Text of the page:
European Union to launch anti-terror projects with Arab nations, Turkey

BRUSSELS (AFP) - The European Union said Monday it will launch anti-terror projects with Muslim nations and boost intelligence sharing following the Paris attacks, as anger over the Charlie Hebdo cartoons fed fresh protests and violence.

Foreign ministers meeting in the shadow of the Islamist attacks and a wave of arrests across Europe agreed on the need to work with Arab nations and Turkey in particular to counter the growing threat.

After talks in Brussels with the Arab League chief and European ministers, EU foreign policy chief Federica Mogherini said that "probably for the first time there was real deep awareness of the need to work together."

"We are looking at specific projects to launch in the coming weeks with some specific countries to increase the level of cooperation on counter-terrorism, and I would name Turkey, Egypt, Yemen, Algeria and the Gulf countries," she said.

The bloc will also post security attaches at its embassies in key Muslim nations to boost cooperation, as well as increasing its Arabic language capacity to try to counter Islamist propaganda, she said. She said there was a need to "share intelligence information not only with the EU but also with other countries around us."

Nabil Al-Arabi, the Arab League secretary general, said earlier that "every country in the world is suffering from terrorism."

"It is not just a military or security issue, it covers the intellectual, cultural, media and religious spheres and that is what we are trying to get," he said.

Europe is on high alert after three French gunmen killed 17 people at the Charlie Hebdo satirical magazine and a Jewish supermarket in Paris earlier this month, claiming they were acting on behalf of Al-Qaeda and the Islamic State group. Two suspected militants were also killed in a police raid in Belgium on Thursday and a huge security sweep across Europe resulted in dozens of arrests in Germany, Greece and France.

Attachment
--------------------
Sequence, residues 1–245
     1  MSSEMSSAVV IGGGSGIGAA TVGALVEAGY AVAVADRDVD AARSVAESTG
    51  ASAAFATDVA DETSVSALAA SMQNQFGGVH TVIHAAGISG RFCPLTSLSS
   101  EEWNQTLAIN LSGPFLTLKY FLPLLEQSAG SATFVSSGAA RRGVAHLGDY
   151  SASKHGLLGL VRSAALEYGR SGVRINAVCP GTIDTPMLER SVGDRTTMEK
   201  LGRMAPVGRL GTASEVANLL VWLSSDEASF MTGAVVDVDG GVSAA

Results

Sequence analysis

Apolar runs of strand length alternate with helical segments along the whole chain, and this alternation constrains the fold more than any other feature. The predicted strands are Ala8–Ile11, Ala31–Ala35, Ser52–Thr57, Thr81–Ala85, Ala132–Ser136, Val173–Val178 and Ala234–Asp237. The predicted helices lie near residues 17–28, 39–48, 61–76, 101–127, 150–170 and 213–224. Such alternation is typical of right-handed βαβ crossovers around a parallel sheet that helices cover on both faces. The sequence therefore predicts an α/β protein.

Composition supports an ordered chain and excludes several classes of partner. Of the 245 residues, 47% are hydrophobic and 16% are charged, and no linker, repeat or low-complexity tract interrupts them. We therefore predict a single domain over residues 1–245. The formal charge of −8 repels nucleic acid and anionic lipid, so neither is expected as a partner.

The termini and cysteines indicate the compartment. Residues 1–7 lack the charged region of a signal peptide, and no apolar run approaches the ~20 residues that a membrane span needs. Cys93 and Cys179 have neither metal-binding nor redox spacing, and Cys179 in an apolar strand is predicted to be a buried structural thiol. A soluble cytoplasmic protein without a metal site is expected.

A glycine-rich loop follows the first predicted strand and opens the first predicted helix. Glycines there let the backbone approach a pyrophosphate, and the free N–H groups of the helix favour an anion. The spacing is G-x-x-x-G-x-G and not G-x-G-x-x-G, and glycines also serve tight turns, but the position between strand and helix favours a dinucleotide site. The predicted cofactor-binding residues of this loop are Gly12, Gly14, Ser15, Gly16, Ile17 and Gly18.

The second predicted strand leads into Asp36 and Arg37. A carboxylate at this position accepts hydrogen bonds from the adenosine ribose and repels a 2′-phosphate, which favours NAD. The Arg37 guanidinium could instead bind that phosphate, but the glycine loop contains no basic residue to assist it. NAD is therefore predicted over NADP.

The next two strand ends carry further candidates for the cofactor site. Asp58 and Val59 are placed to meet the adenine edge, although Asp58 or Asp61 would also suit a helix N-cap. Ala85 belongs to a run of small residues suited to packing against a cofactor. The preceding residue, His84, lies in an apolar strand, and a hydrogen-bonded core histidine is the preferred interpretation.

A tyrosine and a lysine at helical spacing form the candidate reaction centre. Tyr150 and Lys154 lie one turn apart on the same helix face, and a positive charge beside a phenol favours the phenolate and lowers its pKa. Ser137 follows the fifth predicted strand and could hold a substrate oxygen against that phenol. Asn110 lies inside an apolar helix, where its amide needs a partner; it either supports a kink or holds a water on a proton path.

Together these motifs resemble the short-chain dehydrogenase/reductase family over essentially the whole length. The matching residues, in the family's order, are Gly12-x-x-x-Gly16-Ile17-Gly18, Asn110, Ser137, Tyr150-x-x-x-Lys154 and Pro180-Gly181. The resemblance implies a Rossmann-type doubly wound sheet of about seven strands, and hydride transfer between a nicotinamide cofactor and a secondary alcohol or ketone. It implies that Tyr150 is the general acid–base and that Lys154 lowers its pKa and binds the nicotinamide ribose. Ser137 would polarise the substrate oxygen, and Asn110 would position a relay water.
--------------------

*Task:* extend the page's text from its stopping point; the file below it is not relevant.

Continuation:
The EU meeting Monday was to prepare for a special European summit on Feb12 dedicated to fighting terrorism. Many of the ministers will meet again on Thursday in London when US Secretary of State John Kerry co-hosts talks with some 20 countries, including Arab states. But so far many EU states have been reluctant to open up their intelligence networks to anyone except their most trusted allies for fear of harmful leaks, let alone with the Arab world.

Mogherini said the ministers urged the European Parliament to stop holding up a system for exchanging air passenger information - backed by many states as a key tool in tracking militant suspects, but loathed by lawmakers due to concerns over civil liberties.

German Foreign Minister Frank-Walter Steinmeier said the Paris attacks had "changed Europe and the world" and called for "possibly increased exchanges with Muslim countries".

His British counterpart Philip Hammond made the same point and pressed the need for progress on the passenger data system. Belgian authorities meanwhile were still hunting for Abdelhamid Abaaoud, considered the brains behind an Islamist cell plotting to kill Belgian police that was broken up last week.

Greek prosecutors were considering a Belgian extradition request for a suspect arrested in Athens on Saturday who could be linked to the cell. In Germany, police banned a rally by the anti-Islamic PEGIDA movement in the eastern city of Dresden after a reported threat from ISIS on the movement's leader Lutz Bachmann.

But in the Muslim world anger still raged at the publication of a new Prophet Mohammed cartoon on the front of Charlie Hebdo's comeback issue last week. Russia's interior ministry claimed 800,000 people had flooded into Grozny, the capital of the Muslim province of Chechnya - three-quarters of the republic's population - to demonstrate.

In Niger, 10 people were killed in two days of protests against the cartoons, while dozens of churches were torched at the weekend. More than 2,000 Iranians meanwhile protested Monday outside the French embassy in Tehran, chanting "Death to France" and urging the ambassador be expelled.

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